Pregnant at 36 weeks, your baby might start to move down lower in the pelvis, getting ready to be born. This is called 'lightening'. Your little one weighs around 6lb this week and is about 49cm long.
If your baby is in a breech position, your doctor may try an External Cephalic Version procedure. This is where they try to make your baby move by pushing your bump with their hands, guided by an ultrasound scan.
Your baby’s lungs are now complete and are producing a lubricant called surfactant that will help the lungs when they take their first breath.
You will probably start having antenatal visits once a week from now on and will have your baby’s position checked by your midwife.
As the birth approaches you may be feeling nervous and are likely to have lots of questions – What are the signs of labour? Am I in labour? Will it really hurt? What pain relief is best? Get the answers to the most frequently asked questions here.
You might be experiencing Braxton Hicks contractions, this is a sign of your body gearing up for labour. Some women describe them as tightening, or like period cramps. 36 weeks pregnant cramps usually last for less than a minute but can happen several times a day.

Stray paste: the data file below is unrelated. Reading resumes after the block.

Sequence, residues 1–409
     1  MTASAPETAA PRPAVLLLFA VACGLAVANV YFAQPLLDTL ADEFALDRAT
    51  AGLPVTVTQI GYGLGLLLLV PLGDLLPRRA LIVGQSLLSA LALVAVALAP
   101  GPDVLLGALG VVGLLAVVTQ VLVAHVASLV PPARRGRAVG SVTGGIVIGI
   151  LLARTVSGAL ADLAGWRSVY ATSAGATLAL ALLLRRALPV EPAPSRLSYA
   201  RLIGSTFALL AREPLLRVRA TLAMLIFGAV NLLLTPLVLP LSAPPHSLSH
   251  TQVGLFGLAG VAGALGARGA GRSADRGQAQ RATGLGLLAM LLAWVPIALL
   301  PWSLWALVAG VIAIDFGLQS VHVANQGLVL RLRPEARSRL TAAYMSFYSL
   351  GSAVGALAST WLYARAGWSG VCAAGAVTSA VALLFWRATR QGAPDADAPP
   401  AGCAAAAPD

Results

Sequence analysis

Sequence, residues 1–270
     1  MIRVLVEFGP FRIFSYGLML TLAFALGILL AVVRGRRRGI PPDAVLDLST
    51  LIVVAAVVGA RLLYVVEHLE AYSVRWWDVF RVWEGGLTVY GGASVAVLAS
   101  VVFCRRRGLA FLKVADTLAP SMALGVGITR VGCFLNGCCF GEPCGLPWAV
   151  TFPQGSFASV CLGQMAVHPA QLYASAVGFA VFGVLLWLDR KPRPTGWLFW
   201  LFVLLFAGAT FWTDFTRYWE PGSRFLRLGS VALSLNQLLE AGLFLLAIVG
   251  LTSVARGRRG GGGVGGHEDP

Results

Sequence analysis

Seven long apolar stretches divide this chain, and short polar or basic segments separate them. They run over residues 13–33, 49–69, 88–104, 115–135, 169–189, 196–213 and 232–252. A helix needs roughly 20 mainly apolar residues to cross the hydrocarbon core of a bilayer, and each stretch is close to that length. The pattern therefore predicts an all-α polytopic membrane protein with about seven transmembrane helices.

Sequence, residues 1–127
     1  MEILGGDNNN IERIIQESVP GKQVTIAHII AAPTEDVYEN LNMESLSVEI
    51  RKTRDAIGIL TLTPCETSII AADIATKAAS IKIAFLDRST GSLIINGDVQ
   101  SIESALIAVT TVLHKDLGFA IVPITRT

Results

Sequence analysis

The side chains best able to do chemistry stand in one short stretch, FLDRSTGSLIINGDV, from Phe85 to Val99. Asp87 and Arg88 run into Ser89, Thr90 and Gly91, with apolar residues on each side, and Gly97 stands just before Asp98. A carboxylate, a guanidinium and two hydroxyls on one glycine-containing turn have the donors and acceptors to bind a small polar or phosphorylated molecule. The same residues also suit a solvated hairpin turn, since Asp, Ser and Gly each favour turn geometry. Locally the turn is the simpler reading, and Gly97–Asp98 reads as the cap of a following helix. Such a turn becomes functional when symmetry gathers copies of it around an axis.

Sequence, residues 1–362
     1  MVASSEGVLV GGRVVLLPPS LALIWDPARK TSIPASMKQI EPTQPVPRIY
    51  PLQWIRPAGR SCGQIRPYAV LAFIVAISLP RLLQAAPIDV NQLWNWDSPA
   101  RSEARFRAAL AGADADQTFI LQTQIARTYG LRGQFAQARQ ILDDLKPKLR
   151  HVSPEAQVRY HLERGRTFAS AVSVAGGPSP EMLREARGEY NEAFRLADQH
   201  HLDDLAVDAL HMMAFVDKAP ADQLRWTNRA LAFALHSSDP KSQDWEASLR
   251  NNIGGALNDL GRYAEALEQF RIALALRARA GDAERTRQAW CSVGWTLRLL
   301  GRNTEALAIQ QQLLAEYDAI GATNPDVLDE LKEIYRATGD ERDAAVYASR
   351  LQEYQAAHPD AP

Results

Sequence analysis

In the last few weeks leading up to labour you may notice an increase in vaginal discharge. With 36 weeks pregnant discharge, you may also notice a ‘show’ - a mucus discharge with a little blood - this is the jelly-like plug that seals the cervix.
What to think about
If you’re having a planned Caesarean birth, make sure you plan for when you come home as you won’t be able to do any heavy-lifting and you’re advised not to drive for six weeks.
Make sure your hospital bag is ready to go and that you have all your emergency numbers stored in a safe place.
Get familiar with your routes and the hospital so you know what to expect, this will help to reduce stress when the time comes.
Having a stand-by birthing partner is a good idea if your partner, or mum is miles away.